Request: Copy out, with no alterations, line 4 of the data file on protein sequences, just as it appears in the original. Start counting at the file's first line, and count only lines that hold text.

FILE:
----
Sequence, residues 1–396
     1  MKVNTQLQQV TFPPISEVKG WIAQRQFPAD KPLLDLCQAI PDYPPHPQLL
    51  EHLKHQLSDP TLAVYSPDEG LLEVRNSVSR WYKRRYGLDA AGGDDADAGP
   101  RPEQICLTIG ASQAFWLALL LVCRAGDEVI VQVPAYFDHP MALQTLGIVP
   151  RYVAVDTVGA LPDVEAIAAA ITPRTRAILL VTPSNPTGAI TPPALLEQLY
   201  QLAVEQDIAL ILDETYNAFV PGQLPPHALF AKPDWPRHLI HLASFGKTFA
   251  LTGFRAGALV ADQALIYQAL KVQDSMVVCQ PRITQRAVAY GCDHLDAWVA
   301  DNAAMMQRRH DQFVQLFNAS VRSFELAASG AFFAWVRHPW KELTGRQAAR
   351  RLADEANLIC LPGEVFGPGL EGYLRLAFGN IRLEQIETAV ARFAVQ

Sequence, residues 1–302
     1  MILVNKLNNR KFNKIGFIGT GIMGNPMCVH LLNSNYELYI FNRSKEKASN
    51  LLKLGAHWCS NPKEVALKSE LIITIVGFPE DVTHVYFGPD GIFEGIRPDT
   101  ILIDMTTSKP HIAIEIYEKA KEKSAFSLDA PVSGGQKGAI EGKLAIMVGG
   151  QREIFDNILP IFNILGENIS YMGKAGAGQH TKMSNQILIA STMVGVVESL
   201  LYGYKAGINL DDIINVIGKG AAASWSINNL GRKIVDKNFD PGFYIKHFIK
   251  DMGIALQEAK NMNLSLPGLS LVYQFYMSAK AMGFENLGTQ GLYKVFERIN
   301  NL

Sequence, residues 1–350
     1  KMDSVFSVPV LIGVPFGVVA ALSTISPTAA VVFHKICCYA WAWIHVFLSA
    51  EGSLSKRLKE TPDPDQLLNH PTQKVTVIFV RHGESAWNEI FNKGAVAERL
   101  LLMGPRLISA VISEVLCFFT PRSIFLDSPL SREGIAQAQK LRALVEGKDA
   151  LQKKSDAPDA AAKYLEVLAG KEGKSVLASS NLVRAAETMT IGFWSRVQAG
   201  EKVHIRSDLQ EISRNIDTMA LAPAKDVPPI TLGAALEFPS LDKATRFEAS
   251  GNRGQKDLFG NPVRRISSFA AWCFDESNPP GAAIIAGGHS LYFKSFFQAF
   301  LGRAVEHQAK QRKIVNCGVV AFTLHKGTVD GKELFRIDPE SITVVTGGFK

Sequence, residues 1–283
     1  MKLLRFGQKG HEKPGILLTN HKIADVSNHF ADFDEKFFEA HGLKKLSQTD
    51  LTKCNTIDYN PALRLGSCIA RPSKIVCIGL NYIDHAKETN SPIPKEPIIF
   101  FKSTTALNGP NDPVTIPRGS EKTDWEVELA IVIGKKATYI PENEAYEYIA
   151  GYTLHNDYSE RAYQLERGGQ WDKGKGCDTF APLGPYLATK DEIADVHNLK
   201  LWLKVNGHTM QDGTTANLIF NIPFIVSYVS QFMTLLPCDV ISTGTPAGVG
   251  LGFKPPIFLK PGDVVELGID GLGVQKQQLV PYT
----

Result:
   101  RPEQICLTIG ASQAFWLALL LVCRAGDEVI VQVPAYFDHP MALQTLGIVP